The book of selected letters are the quintessence of her free spirit and strength undefeatable in a country with few boundaries beyond the sky, mountains, oceans and nature’s unpredictability. A wilderness that had not been broken and tamed to assuage man or woman’s impermanency. A land not yet fully mapped and divided by man’s boundaries in his narrow pursuit of manifest destiny. She makes clear in her preface all that came into her own life was not imaginary but the soaring flight of her daring adventure,
Perhaps it is not necessary to say that the events mentioned in the letters are not imaginary-perhaps the letters tell that! They are truthful accounts of experiences that came into my own life with the Army in the far West.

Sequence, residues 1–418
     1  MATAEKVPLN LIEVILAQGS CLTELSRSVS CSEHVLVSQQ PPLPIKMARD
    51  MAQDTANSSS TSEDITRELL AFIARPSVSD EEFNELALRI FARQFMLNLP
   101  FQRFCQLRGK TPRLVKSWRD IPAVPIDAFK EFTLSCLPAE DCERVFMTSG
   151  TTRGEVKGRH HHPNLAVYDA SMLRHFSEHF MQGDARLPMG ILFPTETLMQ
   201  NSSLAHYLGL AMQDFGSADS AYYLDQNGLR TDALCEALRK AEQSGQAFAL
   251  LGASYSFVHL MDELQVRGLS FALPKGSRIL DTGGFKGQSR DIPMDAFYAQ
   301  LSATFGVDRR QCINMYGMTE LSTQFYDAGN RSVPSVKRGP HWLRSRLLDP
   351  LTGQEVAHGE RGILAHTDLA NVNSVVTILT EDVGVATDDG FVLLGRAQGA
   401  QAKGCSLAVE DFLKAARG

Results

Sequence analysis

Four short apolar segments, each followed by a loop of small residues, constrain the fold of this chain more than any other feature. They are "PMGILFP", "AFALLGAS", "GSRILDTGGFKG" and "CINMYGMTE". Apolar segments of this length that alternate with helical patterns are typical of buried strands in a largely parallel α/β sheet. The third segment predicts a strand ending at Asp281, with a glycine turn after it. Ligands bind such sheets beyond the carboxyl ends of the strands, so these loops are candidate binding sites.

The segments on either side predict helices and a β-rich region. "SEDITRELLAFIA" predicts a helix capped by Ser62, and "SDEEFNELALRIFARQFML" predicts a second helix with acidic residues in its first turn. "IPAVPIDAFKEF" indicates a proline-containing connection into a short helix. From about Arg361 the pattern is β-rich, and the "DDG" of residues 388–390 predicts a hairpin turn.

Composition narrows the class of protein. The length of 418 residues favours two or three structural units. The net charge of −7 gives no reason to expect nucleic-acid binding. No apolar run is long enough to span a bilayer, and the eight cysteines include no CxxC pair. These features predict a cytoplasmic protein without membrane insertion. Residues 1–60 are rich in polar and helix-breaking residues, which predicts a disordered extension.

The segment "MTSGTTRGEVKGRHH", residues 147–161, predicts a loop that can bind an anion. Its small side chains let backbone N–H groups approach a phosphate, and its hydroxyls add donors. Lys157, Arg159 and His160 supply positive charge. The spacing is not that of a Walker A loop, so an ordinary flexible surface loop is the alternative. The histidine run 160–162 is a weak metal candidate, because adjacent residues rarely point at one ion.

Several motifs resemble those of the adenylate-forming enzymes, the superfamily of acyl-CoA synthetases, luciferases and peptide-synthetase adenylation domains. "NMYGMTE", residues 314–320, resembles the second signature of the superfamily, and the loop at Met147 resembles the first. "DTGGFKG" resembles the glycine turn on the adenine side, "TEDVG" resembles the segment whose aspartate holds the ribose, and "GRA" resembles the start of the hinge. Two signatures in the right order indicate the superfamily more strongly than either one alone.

American writer and anthropologist Carlos Castenada said, “We either make ourselves miserable, or we make ourselves strong. The amount of work is the same.” Frances Roe chose the daring adventure instead of security back East! Essentially, she too, was the Lewis and Clark of women explorers surveying new terrains and finding a certain freedom far beyond the gender restraints of civilization. Just like the wilderness, civilization had not yet conquered and broken the adventurous women of the West with grit! So too, her free-spirit soared in the presence of strength undefeatable.
* See links, sources and publications for more information